Apr 27, 2021 - Technology

FCC green-lights SpaceX satellite plans

Photo of the SpaceX Starlink satellites being deployed in Earth orbit
SpaceX Starlink satellites being deployed in Earth orbit. Photo: SpaceX

SpaceX scored a regulatory victory at the Federal Communications Commission Tuesday, overcoming opposition from Amazon and other satellite companies on a key change to its plans for a satellite network that will beam internet access across the globe.

Why it matters: SpaceX needed FCC approval to move forward with its plan to provide internet access in hard-to-reach areas.

What's happening: SpaceX asked the FCC for permission to lower the orbit of its future Starlink satellites.

  • Amazon — which plans to launch its competing Project Kuiper satellite network — objected, arguing that the SpaceX change would interfere with its plans.
  • But the FCC unanimously sided with SpaceX, saying it doesn't believe the company's plans will cause significant interference.
  • "Based on our review, we agree with SpaceX that the modification will improve the experience for users of the SpaceX service, including in often-underserved polar regions," the FCC said in the order.

What they're saying: Amazon described the FCC's decision as a "positive outcome" because of conditions the agency imposed on SpaceX, including accepting additional interference.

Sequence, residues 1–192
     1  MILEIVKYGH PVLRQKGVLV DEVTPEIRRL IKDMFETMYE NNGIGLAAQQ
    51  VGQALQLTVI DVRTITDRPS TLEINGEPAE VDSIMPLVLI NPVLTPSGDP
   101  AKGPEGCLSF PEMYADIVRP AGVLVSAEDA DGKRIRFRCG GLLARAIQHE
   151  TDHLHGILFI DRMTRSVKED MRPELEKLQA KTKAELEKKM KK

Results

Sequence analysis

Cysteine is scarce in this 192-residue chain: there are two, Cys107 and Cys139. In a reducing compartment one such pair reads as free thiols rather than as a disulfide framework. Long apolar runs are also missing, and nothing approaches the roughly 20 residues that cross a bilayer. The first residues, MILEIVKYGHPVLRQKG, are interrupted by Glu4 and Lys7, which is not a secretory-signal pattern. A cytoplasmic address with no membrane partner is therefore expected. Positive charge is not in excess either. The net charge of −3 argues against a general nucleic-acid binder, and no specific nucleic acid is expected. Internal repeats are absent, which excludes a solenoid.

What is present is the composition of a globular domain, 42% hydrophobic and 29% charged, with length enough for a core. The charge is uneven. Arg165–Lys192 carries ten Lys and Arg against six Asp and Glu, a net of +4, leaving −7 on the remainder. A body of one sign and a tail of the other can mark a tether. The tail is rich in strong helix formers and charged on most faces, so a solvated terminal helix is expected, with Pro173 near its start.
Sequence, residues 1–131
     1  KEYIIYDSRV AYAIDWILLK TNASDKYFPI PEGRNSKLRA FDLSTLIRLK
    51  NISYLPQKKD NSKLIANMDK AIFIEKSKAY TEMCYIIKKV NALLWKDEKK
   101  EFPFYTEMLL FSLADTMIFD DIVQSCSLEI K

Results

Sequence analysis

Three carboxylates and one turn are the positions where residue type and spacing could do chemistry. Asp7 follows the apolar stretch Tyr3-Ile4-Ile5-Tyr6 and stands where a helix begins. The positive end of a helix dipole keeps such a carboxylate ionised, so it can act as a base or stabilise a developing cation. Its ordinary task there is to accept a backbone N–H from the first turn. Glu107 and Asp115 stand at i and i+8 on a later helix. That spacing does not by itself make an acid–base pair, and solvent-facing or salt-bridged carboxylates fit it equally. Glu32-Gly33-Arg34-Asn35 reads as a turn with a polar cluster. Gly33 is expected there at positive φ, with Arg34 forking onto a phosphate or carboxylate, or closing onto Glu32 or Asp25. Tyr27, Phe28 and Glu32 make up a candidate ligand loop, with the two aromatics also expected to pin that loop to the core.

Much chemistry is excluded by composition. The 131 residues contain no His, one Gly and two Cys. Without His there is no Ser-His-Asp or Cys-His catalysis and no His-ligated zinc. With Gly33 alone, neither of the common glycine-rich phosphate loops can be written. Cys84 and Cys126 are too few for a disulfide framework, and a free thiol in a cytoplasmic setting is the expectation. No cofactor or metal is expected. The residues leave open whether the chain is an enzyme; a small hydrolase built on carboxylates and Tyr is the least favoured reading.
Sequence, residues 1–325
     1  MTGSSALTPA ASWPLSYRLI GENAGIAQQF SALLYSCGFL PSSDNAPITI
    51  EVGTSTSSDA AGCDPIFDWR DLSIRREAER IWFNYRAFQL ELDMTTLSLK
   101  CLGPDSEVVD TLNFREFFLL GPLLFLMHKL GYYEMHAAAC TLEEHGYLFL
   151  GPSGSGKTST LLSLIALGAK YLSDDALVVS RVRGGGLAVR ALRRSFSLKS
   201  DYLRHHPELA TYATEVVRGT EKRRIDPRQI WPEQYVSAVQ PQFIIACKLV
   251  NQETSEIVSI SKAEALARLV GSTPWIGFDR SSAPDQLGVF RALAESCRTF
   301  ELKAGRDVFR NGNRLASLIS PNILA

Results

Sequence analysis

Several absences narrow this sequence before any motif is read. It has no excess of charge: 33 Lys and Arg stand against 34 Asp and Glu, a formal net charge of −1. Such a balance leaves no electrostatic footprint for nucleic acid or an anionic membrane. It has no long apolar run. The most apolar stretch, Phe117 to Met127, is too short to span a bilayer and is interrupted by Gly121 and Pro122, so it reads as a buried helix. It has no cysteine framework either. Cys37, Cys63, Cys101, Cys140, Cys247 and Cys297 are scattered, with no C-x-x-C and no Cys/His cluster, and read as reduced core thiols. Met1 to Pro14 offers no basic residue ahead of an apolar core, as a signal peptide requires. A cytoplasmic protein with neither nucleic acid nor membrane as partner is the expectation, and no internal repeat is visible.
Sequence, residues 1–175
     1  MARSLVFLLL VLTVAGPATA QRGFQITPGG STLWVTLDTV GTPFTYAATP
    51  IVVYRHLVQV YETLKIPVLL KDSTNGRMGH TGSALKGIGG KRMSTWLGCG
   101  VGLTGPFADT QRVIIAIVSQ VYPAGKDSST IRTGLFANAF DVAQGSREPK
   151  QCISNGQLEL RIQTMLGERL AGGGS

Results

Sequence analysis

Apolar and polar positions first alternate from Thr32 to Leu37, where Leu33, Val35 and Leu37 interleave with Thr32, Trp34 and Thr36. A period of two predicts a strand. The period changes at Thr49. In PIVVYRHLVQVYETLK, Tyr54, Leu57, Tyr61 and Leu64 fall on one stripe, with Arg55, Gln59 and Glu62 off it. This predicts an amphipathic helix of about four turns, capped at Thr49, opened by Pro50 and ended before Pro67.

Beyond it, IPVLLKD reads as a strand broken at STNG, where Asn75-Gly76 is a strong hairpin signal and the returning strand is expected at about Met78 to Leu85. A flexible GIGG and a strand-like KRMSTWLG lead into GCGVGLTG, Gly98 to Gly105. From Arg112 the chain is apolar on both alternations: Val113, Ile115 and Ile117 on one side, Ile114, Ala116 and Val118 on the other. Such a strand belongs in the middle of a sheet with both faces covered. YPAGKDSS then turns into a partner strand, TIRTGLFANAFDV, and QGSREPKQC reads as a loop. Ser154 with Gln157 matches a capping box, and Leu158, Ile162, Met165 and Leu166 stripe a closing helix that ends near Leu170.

• "These conditions address our primary concerns regarding space safety and interference, and we appreciate the Commission’s work to maintain a safe and competitive environment in low earth orbit," an Amazon spokesperson said in a statement.

Between the lines, from Axios' Miriam Kramer: This victory further cements SpaceX as the leader among companies attempting to build mega-constellations of internet-beaming satellites. Whether any others will be able to catch up remains to be seen.

Go deeper: The billionaires' brawl over satellite broadband

Editor's note: This story has been updated with Amazon's statement.

Go deeper